from sklearn.metrics import accuracy_score

def unnest(l):
    return [index for sublist in l for index in sublist]

sess = tf.Session()
# Initialize the TensorFlow variables
# Train the model (over 900 batchs of 20 images, i.e. 18000 training images)
for index in range(900):
    X_batch, Y_batch =[train_image_batch, train_label_batch]), feed_dict={X: X_batch, Y: Y_batch})
    if index % 10 == 0:
        Y_pred, loss_batch =[Y_predict, loss], feed_dict={X: X_batch, Y: Y_batch})
        accuracy_batch = accuracy_score(unnest(Y_batch), unnest(Y_pred))
        print("""Step {}: loss = {:5.3f}, accuracy={:1.3f}""".format(index, loss_batch, accuracy_batch))

What kind of objects are on a test image ?

In order to illustrate the previous developments, we can test our network on a new image, i.e. an image that does not have been scanned during model training.

Figure 3: Example of image used to validate the model

The neural network is supplied with this image and the corresponding true labels, to compute predicted labels:

Y_pred =[Y_predict], feed_dict={X: x_test, Y: y_test})

The model accuracy for this image is around 74,2% ((34+15)/66), which is quite good. However it may certainly be improved as the model has seen the training images only once…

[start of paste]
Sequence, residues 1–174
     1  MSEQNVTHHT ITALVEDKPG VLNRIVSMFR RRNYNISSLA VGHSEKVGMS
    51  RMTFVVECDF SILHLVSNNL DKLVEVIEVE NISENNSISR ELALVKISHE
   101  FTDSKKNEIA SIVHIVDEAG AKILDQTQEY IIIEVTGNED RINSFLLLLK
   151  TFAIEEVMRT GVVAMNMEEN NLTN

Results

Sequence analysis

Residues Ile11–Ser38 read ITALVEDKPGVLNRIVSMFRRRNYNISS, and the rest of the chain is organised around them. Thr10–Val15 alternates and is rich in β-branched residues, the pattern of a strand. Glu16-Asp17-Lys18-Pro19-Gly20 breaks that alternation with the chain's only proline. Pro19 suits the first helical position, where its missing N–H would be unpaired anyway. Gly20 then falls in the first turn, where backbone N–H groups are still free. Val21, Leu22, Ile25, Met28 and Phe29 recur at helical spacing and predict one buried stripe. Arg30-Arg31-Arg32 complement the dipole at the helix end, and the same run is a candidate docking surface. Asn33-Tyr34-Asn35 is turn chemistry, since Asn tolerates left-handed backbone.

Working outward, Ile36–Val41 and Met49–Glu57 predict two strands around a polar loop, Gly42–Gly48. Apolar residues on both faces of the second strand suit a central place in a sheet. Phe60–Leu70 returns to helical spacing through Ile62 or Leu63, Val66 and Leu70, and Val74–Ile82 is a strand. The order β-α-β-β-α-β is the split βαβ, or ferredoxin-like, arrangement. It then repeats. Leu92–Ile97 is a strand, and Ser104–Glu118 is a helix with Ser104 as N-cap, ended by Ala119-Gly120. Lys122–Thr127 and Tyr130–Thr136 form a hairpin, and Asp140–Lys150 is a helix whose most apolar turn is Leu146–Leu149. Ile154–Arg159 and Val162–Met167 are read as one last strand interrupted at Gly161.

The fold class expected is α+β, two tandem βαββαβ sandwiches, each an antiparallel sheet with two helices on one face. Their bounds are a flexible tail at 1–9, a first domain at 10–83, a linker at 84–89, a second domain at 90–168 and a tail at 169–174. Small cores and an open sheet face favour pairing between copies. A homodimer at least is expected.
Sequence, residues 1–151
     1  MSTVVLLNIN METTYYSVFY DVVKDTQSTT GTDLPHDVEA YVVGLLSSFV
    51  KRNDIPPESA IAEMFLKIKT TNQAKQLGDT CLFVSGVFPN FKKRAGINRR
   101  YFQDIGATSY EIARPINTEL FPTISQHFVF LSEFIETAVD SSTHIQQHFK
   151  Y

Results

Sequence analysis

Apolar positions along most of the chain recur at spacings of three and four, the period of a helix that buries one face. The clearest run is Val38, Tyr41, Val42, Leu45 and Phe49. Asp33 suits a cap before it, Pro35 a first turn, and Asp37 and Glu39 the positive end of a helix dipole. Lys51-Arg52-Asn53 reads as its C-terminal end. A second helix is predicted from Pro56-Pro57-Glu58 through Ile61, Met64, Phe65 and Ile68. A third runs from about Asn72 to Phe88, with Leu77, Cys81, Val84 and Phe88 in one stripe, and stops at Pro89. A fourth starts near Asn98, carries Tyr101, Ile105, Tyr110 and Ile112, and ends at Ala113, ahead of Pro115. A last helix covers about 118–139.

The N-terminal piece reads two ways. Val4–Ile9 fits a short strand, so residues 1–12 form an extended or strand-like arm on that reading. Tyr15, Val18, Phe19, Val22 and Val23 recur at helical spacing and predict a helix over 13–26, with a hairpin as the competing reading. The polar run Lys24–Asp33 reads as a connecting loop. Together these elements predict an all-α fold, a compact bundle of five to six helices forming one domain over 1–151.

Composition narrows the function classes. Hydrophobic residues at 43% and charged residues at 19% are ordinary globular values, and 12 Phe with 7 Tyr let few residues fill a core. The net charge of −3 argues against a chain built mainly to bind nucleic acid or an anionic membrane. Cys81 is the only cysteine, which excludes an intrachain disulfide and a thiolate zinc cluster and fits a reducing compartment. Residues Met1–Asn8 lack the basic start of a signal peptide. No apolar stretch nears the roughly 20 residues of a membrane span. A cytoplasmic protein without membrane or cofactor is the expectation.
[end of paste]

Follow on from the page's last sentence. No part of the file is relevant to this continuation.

Y_pred=False  Y_pred=True
y_test=False            34            9
y_test=True              8           15

We can extract the more interesting label category, aka the true positives corresponding to object on the image detected by the model:

0              curb
1              road
2          sidewalk
3          building
4            person
5           general
6               sky
7        vegetation
8         billboard
9      street-light
10             pole
11     utility-pole
12    traffic-light
13            truck
14        unlabeled
dtype: object

To understand the category taxonomy, interested readers may read the dedicated paper available on Mapillary website.

How to go further?

In this post we’ve just considered a feature detection problem, so as to decide if an object type t is really on an image p, or not. The natural prolongation of that is the semantic segmentation, i.e. knowing which pixel(s) of p have to be labeled as part of an object of type t.

This is the way Mapillary labelled the pictures; it is without any doubt a really promising research field for some use cases related to geospatial data!

To go deeper into this analysis, you can find our code on Github.

If you want to collaborate with us and be a R&D partner on such a topic, do not hesitate to contact us at!

  • By Raphaël Delhome  0 Comments 
  • AI, Deep Learning, Image, Tensorflow